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coaxial measurement system.  For the filter performance at the high end of the
frequency spectrum (1 to 10 GHz) the feedthrough capacitor and filter-can
performance as a waveguide below cutoff attenuator is critical.
Power filters for 400 Hz applications typically require
power factor
correction coils to compensate for the large capacitors contained
in the
filters.  When not provided, the current demand by the filter may
excessive, and the filters are usually acoustically noisy.  These
coils are not normally supplied by the filter manufacturer unless
they are
required in the specifications.
EMI Filters for Signal Circuits.  Digital type signal circuits
utilize square-wave type pulses as observed in the time domain.  The fast rise
and fall of the square-wave signal leading and trailing edges, tends to make
passive, inductor/capacitor (L/C) filters ring at frequencies close to the
cutoff frequency in their pass band where L/C combinations in the filter
result in a gain rather than a loss in attenuation.  The best performance for
digital circuit filters occurs when the filter source and load impedances
match the driving source and load impedances, respectively, and when the
filter pass band is tailored to the baud rate of the signal circuit.  TEMPEST
recommended filter attenuation curves are shown in Figure 11, with curve A
applicable up to a baud rate of 1,000 baud pulses per second (B.P.S.).  Curve
B is used to 3,000 B.P.S., curve C to 10,000  and curve D to 30,000 B.P.S.
When properly designed, the useable baud rate can approach 1/3 of the filter
cutoff frequency (3.01 dB insertion loss).  The curves in Figure 11 show
attenuation in dB as a function of frequency and they are measured differently
than the insertion loss curves of Figure 10, which are measured to
MIL-STD-220A specifications.  For filter attenuation as shown in Figure 11,
the filter is inserted in a measurement circuit with source impedance matched
to the filter input impedance, and load impedance matched to the filter output
impedance.  A measurement signal Si, induced at the filter input is compared
to the signal So remaining at the filter output, with the ratio 20 log Si/So
providing the attenuation in dB.  If the circuit source and load impedances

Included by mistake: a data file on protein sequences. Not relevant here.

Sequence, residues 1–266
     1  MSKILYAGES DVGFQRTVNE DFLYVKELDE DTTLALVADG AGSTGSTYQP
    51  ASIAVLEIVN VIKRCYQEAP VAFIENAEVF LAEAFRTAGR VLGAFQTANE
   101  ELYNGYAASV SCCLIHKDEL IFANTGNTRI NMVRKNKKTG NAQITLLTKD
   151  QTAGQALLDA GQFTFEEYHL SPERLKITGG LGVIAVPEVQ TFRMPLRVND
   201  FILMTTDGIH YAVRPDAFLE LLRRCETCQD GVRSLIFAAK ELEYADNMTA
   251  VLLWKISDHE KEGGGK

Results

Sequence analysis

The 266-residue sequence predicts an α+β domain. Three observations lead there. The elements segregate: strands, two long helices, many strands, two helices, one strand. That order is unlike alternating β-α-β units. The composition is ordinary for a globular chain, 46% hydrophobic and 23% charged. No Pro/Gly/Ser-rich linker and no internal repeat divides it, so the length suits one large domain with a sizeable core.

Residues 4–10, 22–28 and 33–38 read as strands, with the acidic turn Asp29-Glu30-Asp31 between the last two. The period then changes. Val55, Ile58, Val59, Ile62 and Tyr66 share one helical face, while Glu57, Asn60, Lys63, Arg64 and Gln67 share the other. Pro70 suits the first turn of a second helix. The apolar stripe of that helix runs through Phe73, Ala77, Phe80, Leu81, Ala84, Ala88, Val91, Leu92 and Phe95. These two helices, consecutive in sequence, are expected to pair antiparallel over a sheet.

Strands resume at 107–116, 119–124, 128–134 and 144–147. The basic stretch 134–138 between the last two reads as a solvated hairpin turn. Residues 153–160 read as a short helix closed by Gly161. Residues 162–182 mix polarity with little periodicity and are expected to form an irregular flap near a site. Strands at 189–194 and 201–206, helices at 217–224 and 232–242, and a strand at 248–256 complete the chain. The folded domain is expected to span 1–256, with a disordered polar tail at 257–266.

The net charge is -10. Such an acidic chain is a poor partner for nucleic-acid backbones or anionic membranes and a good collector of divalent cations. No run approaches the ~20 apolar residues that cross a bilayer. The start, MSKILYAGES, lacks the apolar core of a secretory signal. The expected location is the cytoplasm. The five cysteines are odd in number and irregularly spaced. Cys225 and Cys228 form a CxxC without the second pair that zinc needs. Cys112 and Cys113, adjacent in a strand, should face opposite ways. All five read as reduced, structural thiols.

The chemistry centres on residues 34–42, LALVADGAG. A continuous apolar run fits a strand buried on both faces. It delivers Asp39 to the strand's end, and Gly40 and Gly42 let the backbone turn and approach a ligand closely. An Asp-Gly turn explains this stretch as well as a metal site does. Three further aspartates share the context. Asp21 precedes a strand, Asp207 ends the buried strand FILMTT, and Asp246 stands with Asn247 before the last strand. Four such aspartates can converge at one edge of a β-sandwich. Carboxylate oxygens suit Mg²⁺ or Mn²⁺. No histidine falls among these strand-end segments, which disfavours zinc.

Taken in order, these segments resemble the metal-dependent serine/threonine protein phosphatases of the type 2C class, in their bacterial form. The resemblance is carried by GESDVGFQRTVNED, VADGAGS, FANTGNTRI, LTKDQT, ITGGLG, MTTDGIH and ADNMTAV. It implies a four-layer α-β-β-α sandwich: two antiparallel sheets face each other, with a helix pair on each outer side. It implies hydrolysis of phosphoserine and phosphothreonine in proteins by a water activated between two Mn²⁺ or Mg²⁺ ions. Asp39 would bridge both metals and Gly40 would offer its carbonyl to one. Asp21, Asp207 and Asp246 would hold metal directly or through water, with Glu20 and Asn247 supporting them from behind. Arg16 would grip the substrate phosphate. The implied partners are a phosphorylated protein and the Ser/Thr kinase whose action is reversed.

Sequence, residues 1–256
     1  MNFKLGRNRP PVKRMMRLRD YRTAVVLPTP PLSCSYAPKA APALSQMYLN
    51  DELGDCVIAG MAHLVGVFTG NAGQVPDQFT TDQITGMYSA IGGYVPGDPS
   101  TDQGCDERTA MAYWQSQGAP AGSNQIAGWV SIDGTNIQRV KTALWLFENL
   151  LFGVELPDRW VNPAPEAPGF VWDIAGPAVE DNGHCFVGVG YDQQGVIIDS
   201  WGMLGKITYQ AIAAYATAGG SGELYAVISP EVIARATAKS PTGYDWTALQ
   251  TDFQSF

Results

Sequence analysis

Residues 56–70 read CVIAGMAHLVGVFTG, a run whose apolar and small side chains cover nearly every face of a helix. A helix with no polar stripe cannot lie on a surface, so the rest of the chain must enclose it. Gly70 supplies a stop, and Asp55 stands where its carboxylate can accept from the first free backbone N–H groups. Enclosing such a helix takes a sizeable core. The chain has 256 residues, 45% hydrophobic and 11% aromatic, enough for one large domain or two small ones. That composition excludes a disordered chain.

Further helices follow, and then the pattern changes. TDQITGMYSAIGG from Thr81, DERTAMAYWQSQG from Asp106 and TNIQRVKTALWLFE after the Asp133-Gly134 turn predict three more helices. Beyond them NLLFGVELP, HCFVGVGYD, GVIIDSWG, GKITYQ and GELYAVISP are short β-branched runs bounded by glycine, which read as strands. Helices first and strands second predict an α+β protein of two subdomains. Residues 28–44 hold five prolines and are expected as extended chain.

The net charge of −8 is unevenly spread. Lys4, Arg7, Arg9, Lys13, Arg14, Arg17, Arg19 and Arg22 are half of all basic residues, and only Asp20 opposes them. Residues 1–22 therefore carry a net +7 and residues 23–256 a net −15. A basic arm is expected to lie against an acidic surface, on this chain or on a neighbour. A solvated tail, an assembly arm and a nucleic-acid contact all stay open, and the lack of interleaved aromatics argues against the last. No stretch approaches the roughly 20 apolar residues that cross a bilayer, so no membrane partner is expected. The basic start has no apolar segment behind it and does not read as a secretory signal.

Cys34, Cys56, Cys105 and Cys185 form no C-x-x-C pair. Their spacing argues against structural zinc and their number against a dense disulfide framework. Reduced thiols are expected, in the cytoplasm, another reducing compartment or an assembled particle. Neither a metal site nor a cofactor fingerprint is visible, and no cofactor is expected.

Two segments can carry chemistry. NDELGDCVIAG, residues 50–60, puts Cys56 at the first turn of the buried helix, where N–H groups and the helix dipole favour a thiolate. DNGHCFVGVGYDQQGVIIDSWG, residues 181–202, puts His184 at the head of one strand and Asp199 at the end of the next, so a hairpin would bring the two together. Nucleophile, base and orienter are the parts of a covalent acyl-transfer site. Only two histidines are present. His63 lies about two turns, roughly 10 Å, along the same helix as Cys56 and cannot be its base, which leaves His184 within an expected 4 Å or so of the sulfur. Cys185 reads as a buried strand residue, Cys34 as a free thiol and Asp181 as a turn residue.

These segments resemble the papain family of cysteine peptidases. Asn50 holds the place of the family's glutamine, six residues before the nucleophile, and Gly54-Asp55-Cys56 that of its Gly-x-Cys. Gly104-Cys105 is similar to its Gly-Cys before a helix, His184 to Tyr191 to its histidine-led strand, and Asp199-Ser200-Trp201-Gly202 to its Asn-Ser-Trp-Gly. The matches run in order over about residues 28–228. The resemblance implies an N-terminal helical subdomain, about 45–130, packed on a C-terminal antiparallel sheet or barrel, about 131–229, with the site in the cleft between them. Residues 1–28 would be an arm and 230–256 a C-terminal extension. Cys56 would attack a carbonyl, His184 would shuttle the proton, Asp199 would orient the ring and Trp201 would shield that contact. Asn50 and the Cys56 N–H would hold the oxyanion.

where the filter is installed, are substantially mismatched to the filter, the
ringing of the filter is increased drastically, and the acceptable stop band
curves of Figure 11 will be altered significantly.  As a result of these
critical factors in the signal circuit filter design, it is best to let the
government either furnish the signal filters for contractor installation, or
provide well defined impedance parameters for specifying required filter
attenuation performance with frequency.  For audio or tone type signal
circuits, the filter curve as shown in Figure 11, must have a cutoff frequency
which exceeds the highest signal frequency so that the signal distortion does
not occur at the higher signal frequencies.
Electrical Filter Design Specification Requirements.  General
electrical filter specification MIL-F-15733E, Filter, Radio Interference,
General Specification for, governs critical design features for all required
electrical filters such as range of operating temperatures, impregnant flash
point, terminal size and strength, dielectric withstand voltage, voltage drop,
insulation resistance, filter sealing means, overload, impregnant, finish,
moisture resistance and filter marking. NAVFAC Guide Specification NFGS 16650,
Radio Frequency Filters for 60 Hertz Power Lines contains recommendations for
the fabrication, testing and installation of EMI filters, and should be
utilized in preparing specifications.  It includes a heat rise limit of 20
deg. C,


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